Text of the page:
UK Sport will cut its Winter Olympic funding by almost £9 million despite achieving a record-breaking medal haul at Pyeonchang 2018.
Although sports like skeleton will receive an increase in funding, others such as bobsleigh, figure skating and short track have been cut entirely.
UK Sport's investment of just under £24m will cover the next Winter Olympic cycle, up until the 2022 games in Beijing.
The announcement follows a record-breaking Winter Olympics for Team GB as they won five medals in South Korea, eclipsing their previous best of four set in 1924 and 2014.
UK Sport invested over £32m -- shared across eight winter Olympic and Paralympic sports -- ahead of the 2018 games, more than double the £14m spent ahead of Sochi 2014.
This included £5m on bobsleigh, £4.8m on short track and more than £6.5m on skeleton -- the most spent on any winter sport.
But it was in the skeleton where Team GB were most successful, as Lizzy Yarnold and Laura Dees claimed gold and bronze respectively in the women's event and Dom Parsons took bronze in the men's.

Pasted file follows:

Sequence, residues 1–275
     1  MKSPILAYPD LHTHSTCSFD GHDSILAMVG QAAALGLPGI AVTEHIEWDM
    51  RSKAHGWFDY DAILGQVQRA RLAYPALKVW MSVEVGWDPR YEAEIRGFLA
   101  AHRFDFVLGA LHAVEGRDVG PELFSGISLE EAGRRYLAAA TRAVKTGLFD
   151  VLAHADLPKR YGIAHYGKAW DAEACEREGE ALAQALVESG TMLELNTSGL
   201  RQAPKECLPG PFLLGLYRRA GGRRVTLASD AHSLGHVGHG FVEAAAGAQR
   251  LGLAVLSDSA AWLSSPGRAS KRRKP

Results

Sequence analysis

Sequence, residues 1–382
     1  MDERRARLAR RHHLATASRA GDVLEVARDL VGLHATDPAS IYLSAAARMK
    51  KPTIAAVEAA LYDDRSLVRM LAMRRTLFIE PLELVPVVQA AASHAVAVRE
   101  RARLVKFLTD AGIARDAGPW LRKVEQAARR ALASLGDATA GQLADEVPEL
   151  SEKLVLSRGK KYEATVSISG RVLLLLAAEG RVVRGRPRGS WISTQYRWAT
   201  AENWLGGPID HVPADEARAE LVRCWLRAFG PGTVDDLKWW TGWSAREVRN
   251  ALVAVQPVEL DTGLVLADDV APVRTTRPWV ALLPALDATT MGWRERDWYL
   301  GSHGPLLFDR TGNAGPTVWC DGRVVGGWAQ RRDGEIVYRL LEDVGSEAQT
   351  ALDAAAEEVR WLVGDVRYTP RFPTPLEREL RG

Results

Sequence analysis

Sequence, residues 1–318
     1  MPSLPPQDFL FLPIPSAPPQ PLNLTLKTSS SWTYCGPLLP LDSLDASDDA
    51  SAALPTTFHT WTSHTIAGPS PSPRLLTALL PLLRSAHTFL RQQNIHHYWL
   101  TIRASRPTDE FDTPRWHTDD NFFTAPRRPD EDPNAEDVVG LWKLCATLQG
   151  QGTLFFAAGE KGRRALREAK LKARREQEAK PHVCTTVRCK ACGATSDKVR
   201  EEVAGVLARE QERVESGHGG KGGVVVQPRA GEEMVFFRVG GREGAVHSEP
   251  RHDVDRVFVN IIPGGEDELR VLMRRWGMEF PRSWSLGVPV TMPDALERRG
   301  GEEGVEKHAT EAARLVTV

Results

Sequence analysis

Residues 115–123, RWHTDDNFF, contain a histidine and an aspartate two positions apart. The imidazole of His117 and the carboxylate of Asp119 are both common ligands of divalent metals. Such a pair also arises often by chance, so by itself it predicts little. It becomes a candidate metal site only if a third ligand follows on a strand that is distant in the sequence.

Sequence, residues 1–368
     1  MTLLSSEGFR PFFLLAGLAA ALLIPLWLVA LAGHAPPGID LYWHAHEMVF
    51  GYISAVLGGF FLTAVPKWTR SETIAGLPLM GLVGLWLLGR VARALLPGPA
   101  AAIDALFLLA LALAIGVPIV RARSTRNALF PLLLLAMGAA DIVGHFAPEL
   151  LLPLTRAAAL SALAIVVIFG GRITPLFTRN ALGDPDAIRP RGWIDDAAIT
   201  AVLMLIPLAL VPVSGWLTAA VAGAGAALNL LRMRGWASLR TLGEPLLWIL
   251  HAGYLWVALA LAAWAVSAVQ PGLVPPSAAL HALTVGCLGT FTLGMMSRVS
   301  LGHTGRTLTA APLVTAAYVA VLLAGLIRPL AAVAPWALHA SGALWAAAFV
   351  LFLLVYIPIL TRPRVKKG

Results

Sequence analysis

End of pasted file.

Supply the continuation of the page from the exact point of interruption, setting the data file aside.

Team GB also won their first ever skiing medal, with Izzy Atkin winning bronze in the women's slopestyle, while Billy Morgan added another bronze on the snow in the men's snowboard Big Air.
However, Team GB failed to win any medals in the bobsleigh or short track and it seems those sports have paid the price for falling short of their medal targets.
"Today marks an important step on the path to Beijing 2022 as we target further inspirational success at the Winter Games," UK Sport CEO Liz Nicholl said.
"While UK Sport would like to be able to invest in every Olympic and Paralympic sport our role is to prioritise within agreed resources in order to protect and enhance the medal potential within the system.
"We believe these strategic investments will deliver medal winning success to inspire the nation once again in Beijing in 2022."
UK Sport believes the medal possibilities for the Beijing Games currently sits between five and 12 Olympic medals.
Based on assessed future medal potential, the main investment will be split into skeleton (up to £7.2m), ski and snowboard (up to £6.75m) and curling (up to £6.35m).
Short-track speed skater Elise Christie, a key medal hopeful in Pyeongchang who just fell short, will have her funding protected, despite an overall cut for the sport.
"As a programme we are gutted to announce that our support from UK Sport has come to an end," the 27-year-old said.
"As a team we will be working hard to figure out our next steps."